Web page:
The announcement that Saldanha Steel is to be shut down is very sad and yet another blow to our limping economy. It is, however, an interesting case and should be studied for lessons for the South African economy, and for how we can achieve greater industrialisation.
You often hear people who don’t understand economics saying, ‘You cannot have infinite growth with finite resources’. Actually, you can. Steel helps to explain why.
It is by far the most important structural material, a composite of iron, carbon and other elements. Iron making, the precursor to steel making, was invented over five thousand years ago, and steel is now used in enormous quantities all around the world.
How many atoms of iron have been consumed in the last five thousand years? None. The iron atom is immortal (like all stable atoms) and can be recycled until the end of time. There are such vast quantities of iron on Earth that we will never use more than a tiny fraction of them in the remaining life of the planet. Steel allows economic growth indefinitely – and a jolly good thing too.
Steel making comes in two processes. First, iron ore (consisting of various iron oxides) is reduced with carbon, usually in the form of coking coal, to make cast iron, which has about 4% carbon content.
Then the cast iron is oxidised to reduce the carbon content to 2% or lower to form steel, which is tougher, harder and more malleable than iron. Various other elements, such as manganese, nickel and chrome, can be added to make specialist types of steel, such as stainless steel.
South Africa has huge reserves of bad coal (high ash, low energy) but very little coking coal. This shortage was a problem for our steel makers. Saldanha Steel was designed in an ingenious way to overcome it.
Saldanha uses ordinary coal, iron ore and oxygen in the combined ‘Corex’ and ‘Midrex’ processes, and then an electric furnace to make high quality rolled steel sheet. As you drive past Saldanha on the R27, you can see the various towers of the plant. The tallest structure is the oxygen plant, which makes oxygen from air.
South African steelmaking began with Iscor, a state company, in 1928. It was conceived as strategic rather than commercial, to form a base for industrialisation in the country. Many countries around the world had the same notion about steelmaking and some still do.
This led to much subsidisation, which, combined with technical advances, led to dropping steel prices. Iscor was privatised in 1989. In 1995, Iscor and the Industrial Development Corporation launched the Saldanha project, which began producing steel in 1998.
After complicated mergers, it became owned by ArcelorMittal, an international group, in 2006. And now ArcelorMittal has announced that Saldanha Steel will be closed, with the loss of over 500 jobs.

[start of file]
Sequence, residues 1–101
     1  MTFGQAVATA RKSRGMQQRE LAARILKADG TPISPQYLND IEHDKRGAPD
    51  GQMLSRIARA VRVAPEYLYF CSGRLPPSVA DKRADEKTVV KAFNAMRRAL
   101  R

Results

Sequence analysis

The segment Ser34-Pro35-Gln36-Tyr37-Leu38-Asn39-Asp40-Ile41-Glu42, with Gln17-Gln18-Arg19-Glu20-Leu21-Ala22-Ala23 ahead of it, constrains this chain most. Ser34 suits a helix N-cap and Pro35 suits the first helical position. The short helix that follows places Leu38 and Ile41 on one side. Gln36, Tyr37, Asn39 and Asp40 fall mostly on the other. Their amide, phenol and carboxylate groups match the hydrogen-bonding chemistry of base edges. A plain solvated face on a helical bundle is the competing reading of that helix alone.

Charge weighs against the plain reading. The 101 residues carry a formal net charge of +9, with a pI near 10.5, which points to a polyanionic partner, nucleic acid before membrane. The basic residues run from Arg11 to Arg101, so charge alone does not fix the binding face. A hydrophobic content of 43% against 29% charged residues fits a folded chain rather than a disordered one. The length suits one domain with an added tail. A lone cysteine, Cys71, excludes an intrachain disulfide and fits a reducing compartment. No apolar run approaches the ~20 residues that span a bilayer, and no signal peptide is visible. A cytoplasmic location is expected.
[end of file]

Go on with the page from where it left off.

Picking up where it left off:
They say it is losing money because of the increased prices of coal, ore, electricity and transport, and falling prices of steel worldwide, and lack of demand.
Paradoxically, its closure might be of assistance to South African manufacturing, because it might now be able to buy cheaper imported steel. In this case, foreign subsidies on their steel might serve as subsidies on our manufactured goods.
Trade wars, with tariffs and subsidies, have complicated results. When President Trump raised tariffs on European steel and aluminium, Europe responded by raising tariffs on US manufactured goods.
Harley Davidson, the iconic American motorbike, hit by higher steel prices and tariffs on exports to Europe, responded by moving some of its production out of the US – to Trump’s rage.
What is the best path for South African industry now? In the past, we were very successful technically with many huge and new industrial projects.
Sasol is by far the world’s biggest company for making liquid fuels from coal. Eskom made by far the world’s biggest air-cooled power stations (to compensate for our acute shortage of water). Saldanha Steel was technically successful with a new steelmaking technology.
The Pebble Bed Modular Reactor was technically advanced. But technical prowess does not always lead to commercial success, and we need to study why.
We still have the world’s greatest mineral treasure, including specialist metals such as platinum, chrome, vanadium and manganese, and surely we could find ways of exploiting these in high-value materials and goods. First, of course, we’ve got to throw out our crippling mining regulations.
There are many commentators who say that a successful industrial economy in South Africa under the African National Congress is simply impossible. They will nod their heads sadly over Saldanha Steel.
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